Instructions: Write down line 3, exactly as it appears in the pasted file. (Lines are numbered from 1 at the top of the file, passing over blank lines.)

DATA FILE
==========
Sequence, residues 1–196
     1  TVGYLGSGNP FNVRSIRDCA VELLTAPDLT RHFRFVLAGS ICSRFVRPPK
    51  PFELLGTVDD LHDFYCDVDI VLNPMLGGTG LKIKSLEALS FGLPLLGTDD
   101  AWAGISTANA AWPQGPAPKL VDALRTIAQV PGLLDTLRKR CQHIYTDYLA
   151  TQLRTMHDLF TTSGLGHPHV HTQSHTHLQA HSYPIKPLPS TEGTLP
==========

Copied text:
    51  PFELLGTVDD LHDFYCDVDI VLNPMLGGTG LKIKSLEALS FGLPLLGTDD